The problem is that a marginal improvement over something ancient (handkerchief from coton to paper for instance) or something already good enough (iPhone 11 to 12, there’s no need to change phones every year if it wasn’t for software planned obsolescence…) is then scaled up by millions therefore creating actual issues.

            One air conditioner is not a problem, having tenths of millions of them is.

          4. @Scale – you are quite correct deciduous trees can be used to help in some areas. But you can also design the structure from the ground up to have cold wells that never see the sun to draw cooler air through the rest of the building passively through the day, slatted porch covers over windows so winter sun hits them but summer sun is blocked etc.

            @Anonymous While I don’t entirely disagree with your point, proving that binding chalk to the surface does work really quite well, while not a surprise is a step to perhaps creating a better future variation. Chalk is astonishingly abundant so being able to just ‘glue’ it to a surface and have it work could really work in the future. Ye ol’ whitewash type stuff is all well and good but you burn a great deal of energy to generate it, and it is no more durable… Just because we all can predict going in what the results will tend towards doesn’t mean we can skip doing the legwork – it might turn out to be really shockingly bad, or way way better than you could possible expect for any number of reasons.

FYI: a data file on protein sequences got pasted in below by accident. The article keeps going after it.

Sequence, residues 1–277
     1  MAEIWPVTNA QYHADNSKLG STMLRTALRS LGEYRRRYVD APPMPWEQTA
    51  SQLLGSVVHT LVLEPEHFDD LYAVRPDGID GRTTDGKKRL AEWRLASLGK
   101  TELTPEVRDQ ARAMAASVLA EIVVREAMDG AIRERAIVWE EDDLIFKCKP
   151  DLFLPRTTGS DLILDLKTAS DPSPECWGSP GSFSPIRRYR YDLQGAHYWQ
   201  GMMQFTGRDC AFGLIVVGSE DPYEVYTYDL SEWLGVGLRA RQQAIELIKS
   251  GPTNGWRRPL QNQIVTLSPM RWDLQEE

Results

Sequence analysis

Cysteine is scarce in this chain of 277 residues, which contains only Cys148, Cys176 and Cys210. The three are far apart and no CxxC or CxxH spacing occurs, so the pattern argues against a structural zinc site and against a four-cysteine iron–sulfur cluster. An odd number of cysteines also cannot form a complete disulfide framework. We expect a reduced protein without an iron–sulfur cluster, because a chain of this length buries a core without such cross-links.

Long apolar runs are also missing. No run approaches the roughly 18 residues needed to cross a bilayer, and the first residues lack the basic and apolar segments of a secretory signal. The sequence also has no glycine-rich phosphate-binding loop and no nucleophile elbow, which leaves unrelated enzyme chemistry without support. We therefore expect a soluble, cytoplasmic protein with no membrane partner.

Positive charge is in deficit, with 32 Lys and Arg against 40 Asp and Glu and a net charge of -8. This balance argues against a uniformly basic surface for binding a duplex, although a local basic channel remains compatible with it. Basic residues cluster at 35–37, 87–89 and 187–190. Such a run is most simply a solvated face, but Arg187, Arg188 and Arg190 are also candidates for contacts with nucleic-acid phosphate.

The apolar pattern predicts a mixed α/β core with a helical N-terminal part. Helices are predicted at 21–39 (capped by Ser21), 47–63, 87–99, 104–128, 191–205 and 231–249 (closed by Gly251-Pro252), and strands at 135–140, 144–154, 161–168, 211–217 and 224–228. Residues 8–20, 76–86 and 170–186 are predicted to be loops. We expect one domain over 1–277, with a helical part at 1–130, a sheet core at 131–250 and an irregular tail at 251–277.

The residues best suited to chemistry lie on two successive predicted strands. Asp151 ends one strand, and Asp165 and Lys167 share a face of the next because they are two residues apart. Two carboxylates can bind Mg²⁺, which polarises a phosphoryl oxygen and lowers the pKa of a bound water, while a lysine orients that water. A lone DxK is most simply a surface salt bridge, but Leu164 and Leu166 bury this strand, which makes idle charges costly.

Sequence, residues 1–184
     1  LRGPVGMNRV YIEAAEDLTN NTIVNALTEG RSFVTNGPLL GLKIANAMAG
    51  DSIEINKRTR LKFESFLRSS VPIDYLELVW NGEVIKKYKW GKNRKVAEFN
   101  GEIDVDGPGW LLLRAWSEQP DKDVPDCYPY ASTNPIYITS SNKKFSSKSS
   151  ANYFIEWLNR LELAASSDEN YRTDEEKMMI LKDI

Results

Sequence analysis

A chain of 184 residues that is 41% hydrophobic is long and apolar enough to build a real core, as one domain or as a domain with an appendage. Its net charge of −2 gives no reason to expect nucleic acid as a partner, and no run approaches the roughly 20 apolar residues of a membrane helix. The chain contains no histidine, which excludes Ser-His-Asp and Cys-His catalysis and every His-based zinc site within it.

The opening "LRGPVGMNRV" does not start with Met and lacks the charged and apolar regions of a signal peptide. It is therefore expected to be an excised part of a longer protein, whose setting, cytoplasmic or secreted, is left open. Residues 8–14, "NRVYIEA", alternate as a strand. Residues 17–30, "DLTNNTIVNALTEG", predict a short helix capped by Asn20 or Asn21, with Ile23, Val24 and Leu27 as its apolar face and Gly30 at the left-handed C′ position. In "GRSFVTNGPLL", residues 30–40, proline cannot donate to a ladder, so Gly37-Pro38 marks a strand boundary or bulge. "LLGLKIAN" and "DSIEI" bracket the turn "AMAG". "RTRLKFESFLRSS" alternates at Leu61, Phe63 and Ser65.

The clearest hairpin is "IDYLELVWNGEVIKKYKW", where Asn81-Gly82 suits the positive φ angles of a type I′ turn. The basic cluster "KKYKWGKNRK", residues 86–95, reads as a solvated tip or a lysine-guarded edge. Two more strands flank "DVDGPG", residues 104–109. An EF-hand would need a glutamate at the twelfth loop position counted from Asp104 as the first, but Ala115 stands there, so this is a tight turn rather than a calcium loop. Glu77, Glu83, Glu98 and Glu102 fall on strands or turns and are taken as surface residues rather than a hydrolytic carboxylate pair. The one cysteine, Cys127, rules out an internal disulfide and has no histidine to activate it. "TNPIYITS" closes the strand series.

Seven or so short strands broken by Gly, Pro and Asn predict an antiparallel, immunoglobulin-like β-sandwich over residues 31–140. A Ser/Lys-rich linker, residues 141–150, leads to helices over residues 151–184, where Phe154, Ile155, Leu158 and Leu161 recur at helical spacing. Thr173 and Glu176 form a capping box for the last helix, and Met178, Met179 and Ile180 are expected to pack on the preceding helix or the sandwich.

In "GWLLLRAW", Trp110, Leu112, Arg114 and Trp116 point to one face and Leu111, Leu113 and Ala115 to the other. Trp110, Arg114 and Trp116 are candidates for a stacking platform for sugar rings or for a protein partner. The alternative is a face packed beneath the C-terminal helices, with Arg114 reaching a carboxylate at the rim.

So the real thing to be annoyed at is the News circus that without ever understanding anything frequently takes legitimate science quantifying and documenting known effects as something huge and ground breaking so often. Its like the old https://xkcd.com/932/ situation, if you are educated enough you know what the news actually means its not even news worthy. But to the rest of the population it sure sounds good/bad/horrific etc..

          5. @Foldi-One
            But that’s the thing, gluing chalk to a surface is nearly as old as whitewash; it’s called gesso, and it’s never left as the final surface because it isn’t durable. It’s primer. The legwork has been done for hundreds of years; the only difference here is the use of an acrylic binder, but that defeats the whole point of an environmentally-friendly paint and probably isn’t even that much of a durability improvement. If they wanted a chalk paint with a high pigment concentration and an external binder, silicate paints are the best option, but again these have been a solved problem for decades. NASA uses them on spacecraft and the formulas are public knowledge.

            This is just a science fair project masquerading as research.

        3. ‘Anonymous’ said “Whitewash is carbon-neutral; the CO2 driven off to make the lime is absorbed back as the whitewash cures”. That’s true ONLY if the energy used to drive off the CO2 in the first place came from a carbon-neutral source. But usually that energy comes from burning fossil fuels, so it’s far from carbon-neutral.

      2. i’m not an expert on this stuff but i think you can make slaked lime by adding water to lime, which you can buy (i think for soil-modifying purposes) in big 60lb bags at most lumber yards. i don’t know how close to whitewash that really is…